Investigating variations in the sustainability of poverty escapes is a big challenge, yet one we are currently working on. Success in this endeavour will contribute to a better understanding of how escapes from extreme poverty and deprivation can be sustained over time.
The research attempts to undertake an in depth analysis of how poverty reduction can be measured and compared across Rwanda, Ethiopia and Tanzania, in the project focused on understanding and supporting sustained pathways out of extreme poverty and deprivation. Given the cross-country comparisons required in this study, we decided to use an innovative approach based on a mixed-methods training using blended learning.
In this blog I first explain what blended learning is. I then go on to provide a simple explanation of qualitative comparative analysis (QCA) and how statistics and QCA together can be used to explore causality, and I thereafter provide some resources to help researchers and practitioners engage in QCA in their respective studies.
Exploring Blended Learning
Blended learning is where a teacher or trainer has some face-to-face time but also has online-mediated interaction with the learners. The online-mediated work is usually moderated by someone who checks that uploads or the comments made in emails are polite, kind, and appropriate. The idea of a ‘safe space’ applies to all learning situations. It means, for example, that no racist comments would be tolerated; nationalism would be toned down before a message is approved for release to a wide partnership group and any sexism would be actively discouraged. Within a safe learning space, the partners can then reveal weaknesses and revel in having their questions answered, without any sense of fear or worry. Sometimes it’s hard for firms to create such safe spaces because of the wage hierarchy, but at CPAN as part of its ESRC project, we are trying it out. We are doing so as we believe that without a safe space, you simply cannot learn new techniques.
Moreover, blended learning can be a good example for other current and future CPAN projects to adopt, especially for those that are remotely managed. Within that, the workshop has been structured around three distance-meetings. The initial one is for them to do without me being present, having sent some background reading suggestions. Then we hold two face-to-face (computer based) virtual workshops.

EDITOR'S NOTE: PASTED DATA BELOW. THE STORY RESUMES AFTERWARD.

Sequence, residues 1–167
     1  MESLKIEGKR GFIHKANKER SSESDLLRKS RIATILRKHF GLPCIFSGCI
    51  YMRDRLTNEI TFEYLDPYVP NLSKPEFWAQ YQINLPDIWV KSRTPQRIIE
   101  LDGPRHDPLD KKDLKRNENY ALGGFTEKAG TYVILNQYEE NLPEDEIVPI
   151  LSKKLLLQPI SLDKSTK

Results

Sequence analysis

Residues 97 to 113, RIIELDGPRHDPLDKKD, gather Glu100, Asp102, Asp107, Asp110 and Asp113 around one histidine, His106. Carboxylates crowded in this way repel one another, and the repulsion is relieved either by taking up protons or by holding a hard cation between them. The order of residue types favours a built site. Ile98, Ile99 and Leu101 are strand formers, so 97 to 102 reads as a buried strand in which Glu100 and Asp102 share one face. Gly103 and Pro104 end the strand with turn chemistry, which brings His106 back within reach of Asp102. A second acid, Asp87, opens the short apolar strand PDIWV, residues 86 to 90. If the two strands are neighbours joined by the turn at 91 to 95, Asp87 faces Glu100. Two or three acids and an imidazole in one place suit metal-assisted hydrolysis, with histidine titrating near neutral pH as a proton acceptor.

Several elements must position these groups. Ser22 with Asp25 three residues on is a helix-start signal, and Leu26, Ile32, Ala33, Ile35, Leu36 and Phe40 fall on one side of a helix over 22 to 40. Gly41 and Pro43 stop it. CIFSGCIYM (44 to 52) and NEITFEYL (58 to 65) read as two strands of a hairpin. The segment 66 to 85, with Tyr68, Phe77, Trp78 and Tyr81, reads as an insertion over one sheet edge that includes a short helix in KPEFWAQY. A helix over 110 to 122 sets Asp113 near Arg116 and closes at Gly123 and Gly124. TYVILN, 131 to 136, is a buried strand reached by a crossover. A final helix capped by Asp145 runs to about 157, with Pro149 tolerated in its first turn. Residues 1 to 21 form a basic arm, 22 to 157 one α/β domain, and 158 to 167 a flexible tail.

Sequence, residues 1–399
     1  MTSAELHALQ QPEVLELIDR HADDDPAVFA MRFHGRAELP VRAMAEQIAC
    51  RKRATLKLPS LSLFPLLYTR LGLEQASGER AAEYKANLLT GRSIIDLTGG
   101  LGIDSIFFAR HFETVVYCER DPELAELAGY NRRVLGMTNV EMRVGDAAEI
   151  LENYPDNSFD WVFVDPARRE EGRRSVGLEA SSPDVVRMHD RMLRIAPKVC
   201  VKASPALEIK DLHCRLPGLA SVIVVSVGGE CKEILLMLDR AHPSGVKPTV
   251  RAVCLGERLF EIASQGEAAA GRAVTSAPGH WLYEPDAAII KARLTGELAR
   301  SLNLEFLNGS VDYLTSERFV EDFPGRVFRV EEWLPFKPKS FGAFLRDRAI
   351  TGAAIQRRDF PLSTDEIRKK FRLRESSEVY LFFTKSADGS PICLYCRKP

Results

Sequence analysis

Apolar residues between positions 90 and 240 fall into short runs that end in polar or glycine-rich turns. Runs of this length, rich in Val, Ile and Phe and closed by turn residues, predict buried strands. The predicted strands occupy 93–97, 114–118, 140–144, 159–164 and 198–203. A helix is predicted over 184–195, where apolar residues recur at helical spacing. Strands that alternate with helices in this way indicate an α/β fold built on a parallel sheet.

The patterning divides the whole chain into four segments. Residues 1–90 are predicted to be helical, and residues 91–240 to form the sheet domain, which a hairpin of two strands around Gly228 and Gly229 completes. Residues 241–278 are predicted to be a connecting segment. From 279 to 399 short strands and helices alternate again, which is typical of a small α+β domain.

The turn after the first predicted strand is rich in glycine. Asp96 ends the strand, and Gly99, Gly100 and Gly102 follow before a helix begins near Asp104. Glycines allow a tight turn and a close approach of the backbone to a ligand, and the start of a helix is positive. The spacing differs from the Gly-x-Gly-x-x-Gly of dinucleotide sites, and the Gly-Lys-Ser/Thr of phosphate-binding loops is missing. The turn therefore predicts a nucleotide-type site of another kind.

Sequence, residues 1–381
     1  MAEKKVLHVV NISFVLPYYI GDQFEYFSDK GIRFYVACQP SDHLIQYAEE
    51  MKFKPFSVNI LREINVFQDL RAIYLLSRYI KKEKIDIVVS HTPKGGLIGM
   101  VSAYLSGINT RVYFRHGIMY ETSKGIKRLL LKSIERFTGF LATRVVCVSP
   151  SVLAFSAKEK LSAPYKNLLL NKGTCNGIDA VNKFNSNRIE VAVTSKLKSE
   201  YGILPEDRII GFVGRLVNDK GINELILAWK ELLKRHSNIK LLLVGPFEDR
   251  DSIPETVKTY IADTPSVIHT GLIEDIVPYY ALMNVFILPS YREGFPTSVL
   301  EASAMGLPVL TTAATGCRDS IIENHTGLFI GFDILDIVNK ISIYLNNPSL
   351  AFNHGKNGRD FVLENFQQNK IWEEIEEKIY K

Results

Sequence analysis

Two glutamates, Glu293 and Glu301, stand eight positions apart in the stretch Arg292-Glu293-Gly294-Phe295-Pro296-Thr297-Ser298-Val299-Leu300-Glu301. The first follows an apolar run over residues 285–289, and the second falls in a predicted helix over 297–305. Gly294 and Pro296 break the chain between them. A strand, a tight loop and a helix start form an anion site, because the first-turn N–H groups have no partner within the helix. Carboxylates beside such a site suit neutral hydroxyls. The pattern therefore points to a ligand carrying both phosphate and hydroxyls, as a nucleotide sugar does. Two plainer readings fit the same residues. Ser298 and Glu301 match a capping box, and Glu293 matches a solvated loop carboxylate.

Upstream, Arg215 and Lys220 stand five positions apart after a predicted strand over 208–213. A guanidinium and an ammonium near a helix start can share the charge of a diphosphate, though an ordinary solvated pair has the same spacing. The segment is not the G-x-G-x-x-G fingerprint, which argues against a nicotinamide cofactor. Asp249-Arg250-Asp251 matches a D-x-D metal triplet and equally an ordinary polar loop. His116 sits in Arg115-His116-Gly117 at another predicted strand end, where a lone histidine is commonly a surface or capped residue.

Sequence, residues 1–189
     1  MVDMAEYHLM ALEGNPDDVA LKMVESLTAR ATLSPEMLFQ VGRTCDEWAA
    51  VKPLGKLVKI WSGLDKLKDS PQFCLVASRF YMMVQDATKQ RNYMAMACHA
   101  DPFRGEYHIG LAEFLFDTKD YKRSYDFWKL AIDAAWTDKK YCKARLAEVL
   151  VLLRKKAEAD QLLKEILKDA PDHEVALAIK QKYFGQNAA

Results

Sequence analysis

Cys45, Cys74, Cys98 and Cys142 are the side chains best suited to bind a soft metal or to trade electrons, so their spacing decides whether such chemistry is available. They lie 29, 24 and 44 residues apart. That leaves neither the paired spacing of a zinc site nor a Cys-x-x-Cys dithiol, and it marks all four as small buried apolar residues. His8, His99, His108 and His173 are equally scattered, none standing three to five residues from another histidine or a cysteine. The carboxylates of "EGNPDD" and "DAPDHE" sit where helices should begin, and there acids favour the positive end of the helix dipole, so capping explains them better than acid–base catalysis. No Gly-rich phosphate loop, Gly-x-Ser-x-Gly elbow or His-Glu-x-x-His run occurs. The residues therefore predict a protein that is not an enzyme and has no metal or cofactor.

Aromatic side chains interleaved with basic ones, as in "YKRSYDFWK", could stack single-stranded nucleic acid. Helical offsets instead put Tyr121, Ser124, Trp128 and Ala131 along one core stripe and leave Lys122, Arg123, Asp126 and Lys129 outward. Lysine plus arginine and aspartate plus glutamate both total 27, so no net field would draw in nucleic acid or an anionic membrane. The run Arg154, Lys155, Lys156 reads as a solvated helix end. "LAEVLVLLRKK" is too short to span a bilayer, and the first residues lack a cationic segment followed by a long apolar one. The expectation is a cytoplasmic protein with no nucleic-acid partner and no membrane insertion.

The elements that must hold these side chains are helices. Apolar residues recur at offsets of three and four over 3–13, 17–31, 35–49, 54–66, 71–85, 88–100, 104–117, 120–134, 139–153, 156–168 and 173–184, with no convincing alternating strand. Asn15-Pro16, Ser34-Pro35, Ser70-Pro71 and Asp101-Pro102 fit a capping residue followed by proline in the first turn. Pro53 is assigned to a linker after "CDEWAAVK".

Blended learning also involves creating relevant online video or audio. It is usually expensive to make new video because of the editing stage, which can take up to six hours minimum for one hour of good quality raw video time. There is also a time-consuming rendering stage (creating the online version) and an uploading stage, e.g. to Youtube. In view of these costs we are simply making a link to a video that the Economic and Social Research Council (ESRC) has sponsored.
One such video that I have created is located in the website EPrints of the Research Methods Festival, a huge conference held at Bath University in Summer 2016. This was funded by the National Centre for Research Methods. Similar government investments in key research infrastructure can subsidise international partnership costs. This will be even more common once the Global Challenge Research Fund gets going in 2017.
Exploring QCA, A Method for Studying Causes and Effects
We may use statistical methods to test for causality of some factors for a particular outcome using both qualitative and quantitative data. Typically, the outcome variable might be whether a household has experienced ‘Poverty Reduction’ or has experienced a ‘Sustained Poverty Escape’, wherein their income have risen above the poverty line and their position in subsequent years has remained above the poverty line. An alternative is to look at asset trajectories. Clarity on the ‘outcome’ is crucial for tests and debates to work well on poverty reduction. It is common convention in research and policy settings to use adjusted per capita household income or expenditures and compare this to a national or district-level poverty threshold.
To thereafter test for causality, we also need to develop an understanding of causes of our outcome of interest. These causes will typically include variables such as household demographics including information around age-group, gender, whether widowed, overall health, and disability. Then we add to that the interventions, e.g. membership in a noon meals scheme or a microfinance scheme; pension available in a 5-year period; and housebuilding subsidy. These tend to be yes/no variates, called ‘binaries’. We set up a big matrix as a table with one line per household, summarising change over time and initial structural conditions. We have given an example here.
We next look for patterns in this set of data. A statistical F test can be used to check that the results are robust. Weights can also be used as appropriate. This new method of analysis is based on crisp and fuzzy set membership in the set of households that experienced poverty reduction. For more details on the process and accompany examples from a host of publications, click here.
At the end of the day, our aim is to develop a better understanding of the drivers of poverty trajectories and reduction according to quantitative and qualitative data sources, all the while enabling cross-country comparisons to be made. Stay tuned for more as results emerge in the coming months.
We will meet twice face-to-face to review each country team’s progress with the research. I hope the blended learning will work.
Written by Wendy Olsen, University of Manchester
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